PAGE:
Sabatos Crystal Ball

Texas Races

Senate Outlook for 2008

Can Democrats Take Advantage of the Turf?

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Outlook: Likely Republican

October 20, 2008 Update:

Ok, so Democratic challenger Rick Noriega has continued to poll well within single digits of Republican incumbent John Cornyn. Peachy. We would like to take this opportunity to extend our previous analogy for Texas perhaps a little too far. Like New Jersey, where the Democratic Party faithful should shore up a relatively easy victory for Frank Lautenberg after a brief scare, so too should the Republican establishment in Texas put the oft-beleaguered Cornyn over the top. Yes, Cornyn has demonstrated a full-throated support of the Bush Administration and has seen falling favorability numbers as a result. Yet despite that, as well as the presence of big shots like Bill Clinton coming down to campaign and fundraise for the Democrat, we just cannot see Noriega catching up to Cornyn and his obvious financial advantage in one of the most expensive states to run a campaign. The Republicans have plenty of states to worry about on November 4th in terms of Senate Races. The Lone Star State is not one of them. But hey, we’ll change the outlook to from “Solid” to “Likely” Republican just for kicks.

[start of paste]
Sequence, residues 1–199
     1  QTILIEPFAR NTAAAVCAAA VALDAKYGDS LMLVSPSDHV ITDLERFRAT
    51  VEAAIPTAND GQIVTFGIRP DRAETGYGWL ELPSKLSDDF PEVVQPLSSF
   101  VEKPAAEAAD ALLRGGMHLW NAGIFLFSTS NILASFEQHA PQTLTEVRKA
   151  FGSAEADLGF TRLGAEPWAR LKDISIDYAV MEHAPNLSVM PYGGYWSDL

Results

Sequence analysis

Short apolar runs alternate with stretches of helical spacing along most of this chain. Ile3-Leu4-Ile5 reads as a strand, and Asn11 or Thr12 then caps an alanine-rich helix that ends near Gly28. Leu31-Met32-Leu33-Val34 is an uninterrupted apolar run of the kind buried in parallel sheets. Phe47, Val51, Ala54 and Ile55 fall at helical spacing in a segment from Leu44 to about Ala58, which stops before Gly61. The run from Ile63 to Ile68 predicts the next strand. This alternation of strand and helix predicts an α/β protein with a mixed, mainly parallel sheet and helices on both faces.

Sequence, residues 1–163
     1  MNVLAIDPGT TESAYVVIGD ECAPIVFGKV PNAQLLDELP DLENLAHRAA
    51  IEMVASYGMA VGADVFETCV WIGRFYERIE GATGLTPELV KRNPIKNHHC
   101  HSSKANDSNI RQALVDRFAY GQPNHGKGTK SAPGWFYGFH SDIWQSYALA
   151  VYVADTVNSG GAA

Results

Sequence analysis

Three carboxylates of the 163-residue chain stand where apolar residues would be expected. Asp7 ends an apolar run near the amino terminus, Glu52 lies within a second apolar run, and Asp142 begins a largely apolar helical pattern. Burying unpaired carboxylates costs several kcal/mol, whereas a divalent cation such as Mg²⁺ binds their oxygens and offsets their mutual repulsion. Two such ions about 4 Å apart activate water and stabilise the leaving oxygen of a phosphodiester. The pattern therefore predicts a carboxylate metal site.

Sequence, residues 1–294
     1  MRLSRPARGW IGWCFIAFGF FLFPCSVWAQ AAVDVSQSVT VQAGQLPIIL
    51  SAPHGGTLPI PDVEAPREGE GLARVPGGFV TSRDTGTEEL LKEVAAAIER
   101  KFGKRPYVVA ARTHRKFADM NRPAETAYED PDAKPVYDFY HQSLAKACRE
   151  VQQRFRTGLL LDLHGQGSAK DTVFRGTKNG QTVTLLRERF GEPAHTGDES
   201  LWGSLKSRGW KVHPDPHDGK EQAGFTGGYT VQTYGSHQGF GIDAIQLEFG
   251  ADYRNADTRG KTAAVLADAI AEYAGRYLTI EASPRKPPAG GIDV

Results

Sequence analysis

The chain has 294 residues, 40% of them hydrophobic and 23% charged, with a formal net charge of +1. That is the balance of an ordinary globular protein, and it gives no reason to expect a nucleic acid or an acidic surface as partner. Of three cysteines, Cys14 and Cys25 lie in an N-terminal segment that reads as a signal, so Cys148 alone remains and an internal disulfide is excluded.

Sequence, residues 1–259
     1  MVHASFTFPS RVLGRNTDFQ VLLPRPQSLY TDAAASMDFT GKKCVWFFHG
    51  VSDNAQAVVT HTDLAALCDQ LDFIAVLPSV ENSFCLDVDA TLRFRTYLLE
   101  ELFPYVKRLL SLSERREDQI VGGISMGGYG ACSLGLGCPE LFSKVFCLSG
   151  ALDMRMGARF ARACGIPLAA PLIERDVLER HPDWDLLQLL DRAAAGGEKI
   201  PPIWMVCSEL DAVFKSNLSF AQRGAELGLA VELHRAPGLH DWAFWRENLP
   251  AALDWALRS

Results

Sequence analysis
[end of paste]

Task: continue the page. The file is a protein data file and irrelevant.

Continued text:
June 19, 2008 Update: